South Africa is unapologetic about its willingness to stand up for friends such as Zimbabwe, which has launched a bloody crackdown on opposition leaders. "We do not apologize for having very strong, long relationship with Zimbabwe," Kumalo said. "There are a lot of people in Zimbabwe who died for me to stand up here as ambassador."

Kumalo said his government is sympathetic to the plight of victims of human rights abuses in such countries as Zimbabwe, Sudan and Burma. But he said the appropriate forum for those concerns is the Geneva-based Human Rights Council, not the U.N. Security Council. Last week, South Africa also voted on a measure to end scrutiny of human rights abuses inside Iran and Uzbekistan. The only country it has cited as deserving of international scrutiny is Israel.

Burmese human rights advocates say that while South Africa has provided political cover for Zimbabwean leader Robert Mugabe, it has betrayed its former supporters in Burma's pro-democracy movement.

In 1960, Burma's then-elected government joined other U.N. members from the Third World in calling for a Security Council debate over the apartheid government's role in the April 1960 Sharpeville massacre, which led to the killing of 69 anti-apartheid protesters in the South African township. South Africa's then-U.N. ambassador, Brand Fourie, argued that the council had no right to debate such "purely local disturbances."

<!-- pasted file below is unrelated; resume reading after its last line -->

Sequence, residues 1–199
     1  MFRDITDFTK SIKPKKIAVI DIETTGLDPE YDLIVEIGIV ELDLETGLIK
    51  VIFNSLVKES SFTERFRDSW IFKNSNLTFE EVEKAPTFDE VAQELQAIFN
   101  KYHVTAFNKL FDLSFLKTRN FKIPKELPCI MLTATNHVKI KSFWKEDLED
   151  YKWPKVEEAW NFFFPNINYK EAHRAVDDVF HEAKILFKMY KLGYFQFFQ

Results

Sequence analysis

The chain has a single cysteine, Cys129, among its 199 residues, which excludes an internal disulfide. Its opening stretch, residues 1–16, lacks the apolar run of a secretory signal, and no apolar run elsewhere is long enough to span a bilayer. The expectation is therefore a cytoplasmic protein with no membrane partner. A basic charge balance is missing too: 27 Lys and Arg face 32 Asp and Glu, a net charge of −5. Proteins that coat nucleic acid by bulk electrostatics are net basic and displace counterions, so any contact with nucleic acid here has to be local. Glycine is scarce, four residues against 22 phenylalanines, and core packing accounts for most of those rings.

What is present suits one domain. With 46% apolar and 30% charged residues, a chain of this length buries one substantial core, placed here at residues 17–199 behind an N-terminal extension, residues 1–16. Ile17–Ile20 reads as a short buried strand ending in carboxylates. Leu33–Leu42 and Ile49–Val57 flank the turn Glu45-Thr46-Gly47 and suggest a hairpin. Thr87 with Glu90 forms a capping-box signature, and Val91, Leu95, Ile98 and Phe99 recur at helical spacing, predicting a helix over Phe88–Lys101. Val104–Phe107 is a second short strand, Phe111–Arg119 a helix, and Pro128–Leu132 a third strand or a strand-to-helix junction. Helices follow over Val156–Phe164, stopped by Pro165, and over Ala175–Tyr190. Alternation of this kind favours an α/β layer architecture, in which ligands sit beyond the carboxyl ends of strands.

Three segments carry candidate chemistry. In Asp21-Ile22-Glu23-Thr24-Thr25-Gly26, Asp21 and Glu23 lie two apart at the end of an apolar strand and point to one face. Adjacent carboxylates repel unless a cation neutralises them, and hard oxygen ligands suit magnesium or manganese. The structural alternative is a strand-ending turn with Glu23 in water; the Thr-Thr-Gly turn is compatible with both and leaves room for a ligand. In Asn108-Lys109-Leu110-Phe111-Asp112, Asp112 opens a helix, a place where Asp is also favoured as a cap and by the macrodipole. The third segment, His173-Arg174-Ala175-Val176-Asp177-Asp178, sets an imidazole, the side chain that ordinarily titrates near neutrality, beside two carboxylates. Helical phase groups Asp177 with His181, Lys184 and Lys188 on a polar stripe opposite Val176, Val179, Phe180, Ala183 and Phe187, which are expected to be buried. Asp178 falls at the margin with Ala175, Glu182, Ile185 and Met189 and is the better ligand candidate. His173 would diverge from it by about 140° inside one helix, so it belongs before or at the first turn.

But in its first Security Council vote this year, South Africa joined Russia and China in voting against a U.S.-backed initiative to discuss the Burmese regime's oppression of pro-democracy followers of Nobel Peace Prize Laureate, Aung San Suu Kyi, who has been under house arrest for most of the past 17 years.

"It's ironic," said Jared Genser, a Washington lawyer and Burma activist, that the argument marshaled now by South Africa to block debate on Burma was "virtually identical" to that used by the apartheid regime to challenge the Security Council's criticism of the treatment of anti-apartheid protesters.

"I am deeply disappointed by our vote. It is a betrayal of our own noble past," South African Nobel Peace Prize Laureate Archbishop Desmond Tutu said after the vote. "Many in the international community can hardly believe it," he said. "The tyrannical military regime is gloating, and we sided with them."